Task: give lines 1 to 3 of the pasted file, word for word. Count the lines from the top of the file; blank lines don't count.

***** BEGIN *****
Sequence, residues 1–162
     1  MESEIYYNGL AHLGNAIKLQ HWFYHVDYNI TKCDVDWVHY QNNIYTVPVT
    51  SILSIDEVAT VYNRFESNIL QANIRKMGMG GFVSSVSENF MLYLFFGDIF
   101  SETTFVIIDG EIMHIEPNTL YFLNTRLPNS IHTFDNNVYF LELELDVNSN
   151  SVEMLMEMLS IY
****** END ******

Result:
Sequence, residues 1–162
     1  MESEIYYNGL AHLGNAIKLQ HWFYHVDYNI TKCDVDWVHY QNNIYTVPVT
    51  SILSIDEVAT VYNRFESNIL QANIRKMGMG GFVSSVSENF MLYLFFGDIF